11. #11
    figuring it all out
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    Funnily enough I was watching Die Hard With a Vengeance last night and with both that and the first, I somewhat hoped the villains would succeed with their plans. Don't get me wrong, John Mclane is great, but I'm a sucker for a smooth talking villain with a good plan. I think, as said above, that if you want it to be an 'optimistic' work then you'd need your reader to at least respect the thief by giving him a good plan or making him likeable and letting us know he's not about to spend that gold he's stolen on hiring people to burn down orphanages. If it's a 'pessimistic' work then I think there's opportunity where the person chasing them is capable but the thief is even more so and nothing can be done to stop their plan or if it plays in to the greater themes of bleakness or loss or something as also mentioned above.

    Best of luck with your tale!

  12. #12
    It's all symbolic. Night_Writer's Avatar
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    Lawrence Block has a whole series of books based on a character named Bernie Rhodenbarr, who was a career thief. He never got caught, and always got away with the money, jewels, etc. He stole things everywhere he went just because. But he was very charming. He had kind of a glam style about him.

    If you make the character likable or cool enough, they can get away with anything.

    Otherwise, no, the baddie should not get away, because the reader also likes to see justice done. The reader will only let a crook slide if they can identify with the character.
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  13. #13
    practical experience, FTW starrystorm's Avatar
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    I think if you make the main character accomplish something else (i.e stopping a disease) then it could be done. But I agree with those above who say to make the bad guy likable.

    I've read too many books where the bad guys get away and the MC didn't accomplish anything relevant.
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  14. #14
    practical experience, FTW Loverofwords's Avatar
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    Not sure if you're still accepting replies, but I'll toss in mine just in case. I'm really tired of hero stories. There are just so many of them. Really, I'm not even sure I like anti-heros anymore because in the end they always do the right thing after a second or two of being morally gray. It's not to say these stories are bad or I won't read them, not at all. Right now, I consider bad guys as main characters to be more exciting because they're usually a lot more thrilling and unpredictable sorta. Obviously, they have to have a redeeming quality to them and they can't be totally evil. I don't think they have to be likable, but they do have to be interesting.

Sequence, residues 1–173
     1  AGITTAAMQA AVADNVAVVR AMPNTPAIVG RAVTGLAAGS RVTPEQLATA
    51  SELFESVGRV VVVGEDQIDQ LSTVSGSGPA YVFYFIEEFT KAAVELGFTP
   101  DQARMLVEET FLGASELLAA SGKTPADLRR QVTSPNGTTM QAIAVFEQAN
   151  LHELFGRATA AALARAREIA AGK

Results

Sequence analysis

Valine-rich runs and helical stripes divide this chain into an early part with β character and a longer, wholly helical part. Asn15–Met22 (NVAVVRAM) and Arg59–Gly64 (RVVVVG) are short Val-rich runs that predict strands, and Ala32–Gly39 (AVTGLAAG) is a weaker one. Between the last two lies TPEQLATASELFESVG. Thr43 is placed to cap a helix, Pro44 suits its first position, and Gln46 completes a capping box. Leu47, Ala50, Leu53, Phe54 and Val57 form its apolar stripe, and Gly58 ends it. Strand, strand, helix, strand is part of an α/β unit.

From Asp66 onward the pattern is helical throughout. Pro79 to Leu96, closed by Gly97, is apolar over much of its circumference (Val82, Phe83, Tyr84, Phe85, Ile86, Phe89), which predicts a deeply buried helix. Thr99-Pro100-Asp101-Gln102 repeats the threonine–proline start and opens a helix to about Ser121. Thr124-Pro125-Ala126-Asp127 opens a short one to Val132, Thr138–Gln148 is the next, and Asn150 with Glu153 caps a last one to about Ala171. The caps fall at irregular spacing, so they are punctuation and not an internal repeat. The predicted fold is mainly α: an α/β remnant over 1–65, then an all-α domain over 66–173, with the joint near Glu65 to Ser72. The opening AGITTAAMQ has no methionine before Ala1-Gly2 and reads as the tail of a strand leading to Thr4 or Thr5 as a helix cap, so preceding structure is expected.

15. #15
    A seadog looking for crewmates Elenitsa's Avatar
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    Quote Originally Posted by Night_Writer View Post
    If you make the character likable or cool enough, they can get away with anything. Otherwise, no, the baddie should not get away, because the reader also likes to see justice done. The reader will only let a crook slide if they can identify with the character.
    What about the baddies who really got away? (See my case below). I couldn't change history and claim that a historical character had very bad things befalling on them because he was a villain, when it didn't actually happen. Yes, the fictional sidekicks were punished, some chased away, some delivered to justice and hanged, but the ordering heads, no way... because they didn't. They were too powerful, and this reflects into my story too.

  16. #16
    It's all symbolic. Night_Writer's Avatar
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    Quote Originally Posted by Elenitsa View Post
    What about the baddies who really got away? (See my case below). I couldn't change history and claim that a historical character had very bad things befalling on them because he was a villain, when it didn't actually happen. Yes, the fictional sidekicks were punished, some chased away, some delivered to justice and hanged, but the ordering heads, no way... because they didn't. They were too powerful, and this reflects into my story too.